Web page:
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WKU considers new security measures after lockdown

BOWLING GREEN — Western Kentucky University officials are considering additional security measures after reports of gunfire late last month led to a campus lockdown.

School officials said they were pleased with the reponse to the incident, but they may identify some changes. Police later said the Oct. 22 reports of gunfire on the campus were unfounded, though there were two separate fights between a group of students on campus that prompted students to call 911.

"We are taking a hard look at everything that happened that day and the days that followed, and looking at how we can improve," Bob Skipper, a spokesman for the university, told the Daily News of Bowling Green. "I think things went as well as could be expected, but we can make some improvements and learn from what happened."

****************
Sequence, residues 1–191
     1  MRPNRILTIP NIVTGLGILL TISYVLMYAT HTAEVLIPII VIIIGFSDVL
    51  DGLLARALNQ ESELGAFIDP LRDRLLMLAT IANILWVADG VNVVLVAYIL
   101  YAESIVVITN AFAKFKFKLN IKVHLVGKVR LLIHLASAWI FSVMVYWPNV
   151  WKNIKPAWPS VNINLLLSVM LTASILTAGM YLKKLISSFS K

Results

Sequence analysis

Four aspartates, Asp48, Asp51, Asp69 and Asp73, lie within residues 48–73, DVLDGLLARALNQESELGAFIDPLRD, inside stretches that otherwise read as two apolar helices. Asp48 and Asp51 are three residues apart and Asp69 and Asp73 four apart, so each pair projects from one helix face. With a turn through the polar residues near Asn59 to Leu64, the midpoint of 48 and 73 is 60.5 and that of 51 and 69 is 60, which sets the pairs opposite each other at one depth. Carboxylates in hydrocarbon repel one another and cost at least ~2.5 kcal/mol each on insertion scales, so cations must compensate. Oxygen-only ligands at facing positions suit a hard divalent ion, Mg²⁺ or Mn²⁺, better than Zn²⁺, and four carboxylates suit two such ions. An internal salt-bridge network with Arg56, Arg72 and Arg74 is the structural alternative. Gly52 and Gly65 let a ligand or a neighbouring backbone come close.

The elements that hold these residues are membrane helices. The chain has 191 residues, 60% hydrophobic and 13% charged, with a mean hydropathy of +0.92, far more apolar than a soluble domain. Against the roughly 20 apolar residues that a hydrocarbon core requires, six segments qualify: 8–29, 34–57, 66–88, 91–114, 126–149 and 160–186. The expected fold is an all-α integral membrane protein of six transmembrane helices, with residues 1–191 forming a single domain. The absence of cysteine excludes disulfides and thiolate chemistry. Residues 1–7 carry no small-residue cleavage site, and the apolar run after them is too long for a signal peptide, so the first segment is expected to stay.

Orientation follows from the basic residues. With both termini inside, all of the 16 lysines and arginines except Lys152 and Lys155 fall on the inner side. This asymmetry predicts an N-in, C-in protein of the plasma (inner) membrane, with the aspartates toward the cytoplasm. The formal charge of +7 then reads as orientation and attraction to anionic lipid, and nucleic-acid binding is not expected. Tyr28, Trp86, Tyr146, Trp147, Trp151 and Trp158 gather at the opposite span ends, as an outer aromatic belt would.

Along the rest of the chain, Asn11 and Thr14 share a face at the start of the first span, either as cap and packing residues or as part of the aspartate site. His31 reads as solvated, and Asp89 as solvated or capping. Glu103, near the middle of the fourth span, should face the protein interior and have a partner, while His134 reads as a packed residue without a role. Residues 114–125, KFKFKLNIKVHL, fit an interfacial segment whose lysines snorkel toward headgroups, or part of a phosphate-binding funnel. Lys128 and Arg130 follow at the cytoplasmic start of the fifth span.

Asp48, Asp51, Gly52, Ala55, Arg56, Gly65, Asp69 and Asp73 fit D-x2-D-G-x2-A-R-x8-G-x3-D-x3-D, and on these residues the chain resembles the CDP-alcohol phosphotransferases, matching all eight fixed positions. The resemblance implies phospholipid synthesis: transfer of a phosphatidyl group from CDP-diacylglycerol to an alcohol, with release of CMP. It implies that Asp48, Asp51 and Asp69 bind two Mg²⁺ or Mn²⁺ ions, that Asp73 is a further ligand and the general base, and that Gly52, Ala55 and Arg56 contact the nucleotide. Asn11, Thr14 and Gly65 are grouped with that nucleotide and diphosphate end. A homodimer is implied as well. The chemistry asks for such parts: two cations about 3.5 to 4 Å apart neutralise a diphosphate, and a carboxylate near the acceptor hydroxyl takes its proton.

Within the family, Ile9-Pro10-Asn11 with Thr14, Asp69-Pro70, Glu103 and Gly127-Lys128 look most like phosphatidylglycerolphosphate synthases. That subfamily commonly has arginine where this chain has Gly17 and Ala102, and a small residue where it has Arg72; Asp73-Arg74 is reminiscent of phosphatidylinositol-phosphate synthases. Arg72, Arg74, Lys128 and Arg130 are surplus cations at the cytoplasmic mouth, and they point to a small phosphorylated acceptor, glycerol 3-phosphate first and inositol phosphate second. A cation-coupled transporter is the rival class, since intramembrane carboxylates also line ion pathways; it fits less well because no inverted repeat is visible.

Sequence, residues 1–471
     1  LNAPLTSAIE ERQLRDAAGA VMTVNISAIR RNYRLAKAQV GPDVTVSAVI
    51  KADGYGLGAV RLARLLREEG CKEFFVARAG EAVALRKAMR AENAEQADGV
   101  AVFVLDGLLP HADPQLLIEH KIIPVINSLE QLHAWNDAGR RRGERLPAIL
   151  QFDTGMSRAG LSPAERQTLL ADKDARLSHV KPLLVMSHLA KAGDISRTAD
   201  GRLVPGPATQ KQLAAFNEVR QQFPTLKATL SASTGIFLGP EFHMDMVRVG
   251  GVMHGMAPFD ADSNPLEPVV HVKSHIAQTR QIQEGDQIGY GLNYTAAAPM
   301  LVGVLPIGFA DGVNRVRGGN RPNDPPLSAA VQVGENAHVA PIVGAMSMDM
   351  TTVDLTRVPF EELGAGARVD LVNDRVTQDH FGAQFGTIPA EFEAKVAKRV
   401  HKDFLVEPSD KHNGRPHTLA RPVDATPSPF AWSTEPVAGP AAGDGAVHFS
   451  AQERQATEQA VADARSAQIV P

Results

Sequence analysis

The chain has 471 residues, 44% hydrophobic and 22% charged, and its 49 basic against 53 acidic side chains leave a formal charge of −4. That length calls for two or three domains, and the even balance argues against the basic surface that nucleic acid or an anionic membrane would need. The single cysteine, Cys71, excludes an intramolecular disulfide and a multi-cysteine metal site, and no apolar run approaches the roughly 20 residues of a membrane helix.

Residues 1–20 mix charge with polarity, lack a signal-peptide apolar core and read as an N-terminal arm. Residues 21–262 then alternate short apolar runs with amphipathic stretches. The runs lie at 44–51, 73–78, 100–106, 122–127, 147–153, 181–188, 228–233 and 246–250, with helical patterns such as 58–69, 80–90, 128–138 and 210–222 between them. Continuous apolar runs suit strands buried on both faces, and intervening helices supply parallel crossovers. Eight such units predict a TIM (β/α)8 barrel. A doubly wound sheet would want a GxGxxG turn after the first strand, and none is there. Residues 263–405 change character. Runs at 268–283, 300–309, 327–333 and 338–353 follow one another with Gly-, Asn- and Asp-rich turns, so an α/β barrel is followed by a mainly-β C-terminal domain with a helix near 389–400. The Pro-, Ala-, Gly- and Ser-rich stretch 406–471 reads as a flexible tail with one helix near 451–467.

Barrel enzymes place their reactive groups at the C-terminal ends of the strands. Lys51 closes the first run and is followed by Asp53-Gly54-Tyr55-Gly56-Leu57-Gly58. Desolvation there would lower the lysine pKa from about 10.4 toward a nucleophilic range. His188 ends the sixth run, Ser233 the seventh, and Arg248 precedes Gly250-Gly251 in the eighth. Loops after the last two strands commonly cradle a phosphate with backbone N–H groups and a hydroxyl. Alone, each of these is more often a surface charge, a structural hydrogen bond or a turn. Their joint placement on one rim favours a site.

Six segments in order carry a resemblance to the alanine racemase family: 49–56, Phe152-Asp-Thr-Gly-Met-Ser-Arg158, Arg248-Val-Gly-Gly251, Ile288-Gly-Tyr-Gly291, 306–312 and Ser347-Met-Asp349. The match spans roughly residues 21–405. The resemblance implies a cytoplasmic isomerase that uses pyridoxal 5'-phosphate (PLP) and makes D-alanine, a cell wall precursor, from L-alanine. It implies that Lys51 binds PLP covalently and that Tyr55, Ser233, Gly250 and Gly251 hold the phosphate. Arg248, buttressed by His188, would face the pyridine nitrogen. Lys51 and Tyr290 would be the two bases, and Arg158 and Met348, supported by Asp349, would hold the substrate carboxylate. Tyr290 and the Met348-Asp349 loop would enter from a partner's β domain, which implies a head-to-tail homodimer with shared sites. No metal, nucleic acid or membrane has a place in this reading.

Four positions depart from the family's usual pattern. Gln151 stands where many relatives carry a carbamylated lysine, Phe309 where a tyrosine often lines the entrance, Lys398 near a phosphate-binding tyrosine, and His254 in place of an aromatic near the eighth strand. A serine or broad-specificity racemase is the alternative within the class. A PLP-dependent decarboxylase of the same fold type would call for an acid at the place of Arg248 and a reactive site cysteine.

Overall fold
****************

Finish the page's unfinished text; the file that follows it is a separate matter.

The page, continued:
Robert Dean, chief of the campus police department, declined to comment on the investigation, which has produced no arrests. Several students were interviewed but not charged following the incident.

After school officials began receiving 911 calls from students, they sent two text messages to nearly 14,000 cell phone subscribers warning them to stay clear of two areas on campus — South Campus and Pearce Ford Tower, a 27-story dormitory. One text message warned of reports of gunfire.

Skipper said a central concern officials are discussing is the ability to communicate when the cell phone towers become overwhelmed in a time of crisis. Skipper said he was at the South Campus within minutes of the student evacuation and found it difficult to get a cell phone signal to reach his office with updates.

The university is considering a radio system and is in the process of talking with other agencies to possibly share the cost.

Skipper said another improvement in communication could help squelch rumors that flew around campus after the second text message warned of gunfire.

Skipper said he would have liked to have communicated with the campus again before an all-clear was sent through outdoor alert speakers and text messages about two hours after the second text message.

He said a message indicating that the school was still in a secure situation but no one had been shot could have eased some students' minds.

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